A guide to the presentation of your case: Trial lawyer skills for the new attorney
Earlier this year, on a rainy Saturday afternoon, I had the pleasure of speaking to a group of new attorneys about the judicial perspective of trial. Speaking to such a large group of attorneys so dedicated to learning the craft of trying cases that they spent an entire Saturday learning about the intricacies of discovery, law and motion, dispositive motions and trial practice rather than sleeping in, brunching with friends, or (dare I say) heading into the office, was quite an honor. With this article, I have tried to summarize my advice to new attorneys who aspire to try civil cases.
In this article, I will try to answer many of the questions new attorneys frequently ask. In addition, it is important to state at the outset that it is important to seek out information, seek out mentors, and seek out opportunities to hone the skills necessary to become a successful trial lawyer. New litigators should welcome opportunities to try cases of the size and complexity appropriate to their level of experience. Any successful trial lawyer will tell you they started out handling and trying smaller cases and gradually moved on to trying cases of increased complexity.
The most important tools in the trial lawyer’s tool kit are civility, integrity, strategy, readiness and performance.
Civility across the aisle is crucial to the success of every lawyer. Why? Because the swift and smooth resolution of civil disputes is in the best interest of the litigants, the court and the community. In 2011, the Los Angeles Superior Court amended its local rules to include Guidelines for Civility in Civil Litigation. These rules cover everything from requests for continuances, to service of papers, to the content of pleadings, to discovery, settlement and trial. See LASC Local Rules, Ch. 3, App. 3.A. (the local rules can be found on the LASC website at http://www.lacourt.org/courtrules/ui/index.aspx?ch=Chap3&ct=TR&tab=2)
Trial lawyers are well-advised to understand that fidelity to the principles of civility is not only good for the client, but it is also good for the advocate. Once a lawyer gains a reputation for engaging in obstreperous tactics, unyielding manner, or dishonest or misleading advocacy, that reputation is difficult if not impossible to shed. Lawyers talk. Judges notice. Justice suffers.
At the beginning of every trial, I admonish the lawyers to display civility and respect for everyone in the courtroom. In jury trials, I remind them that from the moment the jury panel enters the courtroom for voir dire, the jurors are listening and observing all of the dynamics of the courtroom. Jurors are astute and take their civic duty seriously. Trial counsel employing uncivil tactics should tread lightly.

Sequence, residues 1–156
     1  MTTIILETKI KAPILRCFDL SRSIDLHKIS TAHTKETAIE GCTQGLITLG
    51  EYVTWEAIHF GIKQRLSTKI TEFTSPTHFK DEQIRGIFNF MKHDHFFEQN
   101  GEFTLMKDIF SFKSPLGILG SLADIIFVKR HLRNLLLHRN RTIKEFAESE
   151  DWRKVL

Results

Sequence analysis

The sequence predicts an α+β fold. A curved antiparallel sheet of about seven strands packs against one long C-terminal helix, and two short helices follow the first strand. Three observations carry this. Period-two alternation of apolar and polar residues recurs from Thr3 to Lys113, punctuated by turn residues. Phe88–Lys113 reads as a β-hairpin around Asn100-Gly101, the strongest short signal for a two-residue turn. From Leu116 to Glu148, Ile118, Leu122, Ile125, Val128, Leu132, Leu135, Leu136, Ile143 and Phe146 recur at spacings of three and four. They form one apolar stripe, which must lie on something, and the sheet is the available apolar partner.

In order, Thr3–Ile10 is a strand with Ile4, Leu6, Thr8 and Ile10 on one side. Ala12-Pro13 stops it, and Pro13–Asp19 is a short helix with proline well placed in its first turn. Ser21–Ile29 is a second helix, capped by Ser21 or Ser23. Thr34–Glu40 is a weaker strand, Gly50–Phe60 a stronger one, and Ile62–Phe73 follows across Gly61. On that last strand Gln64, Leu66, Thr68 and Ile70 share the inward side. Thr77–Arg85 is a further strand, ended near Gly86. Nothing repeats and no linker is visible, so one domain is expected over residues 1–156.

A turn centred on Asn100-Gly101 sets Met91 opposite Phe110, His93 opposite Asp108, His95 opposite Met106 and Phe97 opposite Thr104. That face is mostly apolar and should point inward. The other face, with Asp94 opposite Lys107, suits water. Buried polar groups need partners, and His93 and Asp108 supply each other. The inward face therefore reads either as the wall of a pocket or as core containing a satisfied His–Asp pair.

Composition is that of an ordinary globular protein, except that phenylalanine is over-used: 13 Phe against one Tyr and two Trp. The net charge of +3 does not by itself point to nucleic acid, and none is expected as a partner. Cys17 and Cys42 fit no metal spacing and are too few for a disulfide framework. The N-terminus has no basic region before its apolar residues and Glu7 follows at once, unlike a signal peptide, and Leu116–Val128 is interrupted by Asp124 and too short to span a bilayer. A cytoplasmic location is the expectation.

What about the lawyer’s duty of zealous advocacy? It may come as a surprise to some that California’s Rules of Professional Conduct do not expressly include a “zealous advocacy” requirement. Yes, lawyers have a professional responsibility to fully and faithfully represent the interests of their clients, but not at all costs. Zealous advocacy and civility are not mutually exclusive.
Indeed, civility and integrity are at the heart of every great trial lawyer’s arsenal.
Some attorneys make the mistake of practicing law as if there is no limit to zealous advocacy. Yes, attorneys are ethically required to represent their clients’ interests. That advocacy, however, does not include misleading a judge or jury by false statement of fact or law, intentionally misquoting the language of a book, statement or decision, citing a decision that has been overruled or a statue that has been repealed or declared unconstitutional, or asserting personal knowledge of the facts at issue, except when testifying as a witness. (Cal. Rules of Prof. Conduct, Rule 5-200.)
Preparation for trial begins long before the final status conference. In fact, trial preparation starts even before the complaint is filed.
While most cases settle before trial, the most efficient litigation occurs in cases where both sides work the case with an eye toward being completely ready for trial at the final status conference. This requires pre-filing investigation and research, careful drafting of the pleadings, and creation of a discovery plan. Creation of a discovery plan at the outset of a case enables the handling attorney to maintain control of the pace of the litigation.